Wednesday, March 18, 2009

The new economic boom

Andrew Sullivan prints a letter from a reader who has just been laid off. He's not a financial executive or a realtor, he's in the new "boom" industry of infrastructure improvement:
Some construction companies, including the biggest names in the D.C. area, have reduced their workforces by over 90% just to stay afloat. Others have gone bankrupt.

With the collapse in residential construction, and with commercial construction struggling badly, contractors have directed their focus on government projects. For instance, my company bid a small ($600,000) project to demolish an existing government building, haul the material offsite, and restore the work area with new topsoil and grass -- a two, maybe three month-long project. How many contractors bid for this project? THIRTY-SIX! THIRTY-FRIGGING-SIX! Three years ago there probably would have been no more than six or seven bidders, because everybody was so busy. My company cut our bid to the absolute bone, then cut some more. I think we came in 7th or 8th place.

Every bid for government or public authority work we've submitted as a general contractor over the past year has been at cost, meaning break-even. Right now, as my boss told me yesterday morning, we can't even buy jobs (i.e. bidding contracts) at a loss just to keep revenue coming in and the field guys busy.
Competition is a wonderful thing, it really is, and we can see why from this story. With 36 bidders for every project, all these new initiatives that will be generated from the stimulus money will be done at the absolute lowest cost. Our public funds will get the biggest possible bang for the buck.

But there are potential downsides as well, and they may undermine the supposed advantages. The first is quality. I would love to think that all these firms that are winning these bids are doing so while upholding quality, but experience tells me otherwise. Either they're cutting corners somewhere, or they're lowballing the bid to win the contract, and we'll end up paying the overage.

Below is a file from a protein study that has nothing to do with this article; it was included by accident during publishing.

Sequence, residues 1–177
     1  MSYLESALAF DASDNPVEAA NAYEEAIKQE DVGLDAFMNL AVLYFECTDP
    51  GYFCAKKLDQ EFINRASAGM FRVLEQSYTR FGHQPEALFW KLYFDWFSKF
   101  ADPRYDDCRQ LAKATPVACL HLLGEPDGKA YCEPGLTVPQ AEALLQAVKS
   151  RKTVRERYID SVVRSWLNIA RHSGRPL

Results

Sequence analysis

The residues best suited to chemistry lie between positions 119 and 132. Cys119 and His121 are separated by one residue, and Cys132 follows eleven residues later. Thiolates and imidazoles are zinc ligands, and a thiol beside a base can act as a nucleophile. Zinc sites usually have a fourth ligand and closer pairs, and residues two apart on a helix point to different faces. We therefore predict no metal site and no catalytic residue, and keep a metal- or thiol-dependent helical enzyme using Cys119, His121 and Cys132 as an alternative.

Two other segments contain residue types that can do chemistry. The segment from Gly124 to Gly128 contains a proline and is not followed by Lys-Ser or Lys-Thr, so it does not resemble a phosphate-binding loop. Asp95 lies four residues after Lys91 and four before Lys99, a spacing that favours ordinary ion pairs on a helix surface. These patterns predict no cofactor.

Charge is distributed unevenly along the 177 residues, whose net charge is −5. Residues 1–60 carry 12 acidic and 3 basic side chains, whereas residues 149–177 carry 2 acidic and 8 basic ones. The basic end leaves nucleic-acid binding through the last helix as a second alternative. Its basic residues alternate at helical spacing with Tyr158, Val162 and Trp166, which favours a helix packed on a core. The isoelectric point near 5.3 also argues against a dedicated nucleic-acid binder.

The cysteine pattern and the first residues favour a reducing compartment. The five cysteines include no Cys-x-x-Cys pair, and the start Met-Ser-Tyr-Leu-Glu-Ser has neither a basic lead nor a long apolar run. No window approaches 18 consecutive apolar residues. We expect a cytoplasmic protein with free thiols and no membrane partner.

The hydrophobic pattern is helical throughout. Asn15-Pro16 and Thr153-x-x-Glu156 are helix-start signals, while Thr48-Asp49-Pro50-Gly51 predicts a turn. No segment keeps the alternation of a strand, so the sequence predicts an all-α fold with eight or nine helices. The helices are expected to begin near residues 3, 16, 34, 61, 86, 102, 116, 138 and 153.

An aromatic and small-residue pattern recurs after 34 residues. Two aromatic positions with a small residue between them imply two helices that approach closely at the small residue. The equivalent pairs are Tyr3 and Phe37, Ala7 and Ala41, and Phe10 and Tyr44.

The second is the actions that will be taken to keep costs low, each of which will seem justifiable when we're "spending the taxpayer's money." In this environment, offshoring begins to look downright patriotic, even though it undercuts one of the main reasons we want to embark on this stimulus - that of helping stimulate consumer spending through renewed employment.

We've already seen GM invest a billion dollars, money that was backed up by us, in Brazil. We can bet that the bulk of the modernization of health care systems will be done in other countries.

Thus, we need to temper our expectations for this stimulus. I don't know how it will end up shaking out, but it could well lead, not to a V- or U-shaped output pattern, but to an L, in which we end up stagnant for a long time (while we rebuild the rest of the world). I know that any measures that try to counter this will be labeled as that filthy word "protectionism," but I also know that the last thing we need is an ineffective outlay of public funds.

1 comment:

Greg Glockner said...

I imagine that the lowest bidders might not be so cheap once they hit the taxpayers for cost overruns. I seem to recall some academics have found that it's better to select the Nth lowest bidder rather than the lowest bidder - it causes people to bid their costs low but not down to the bone.

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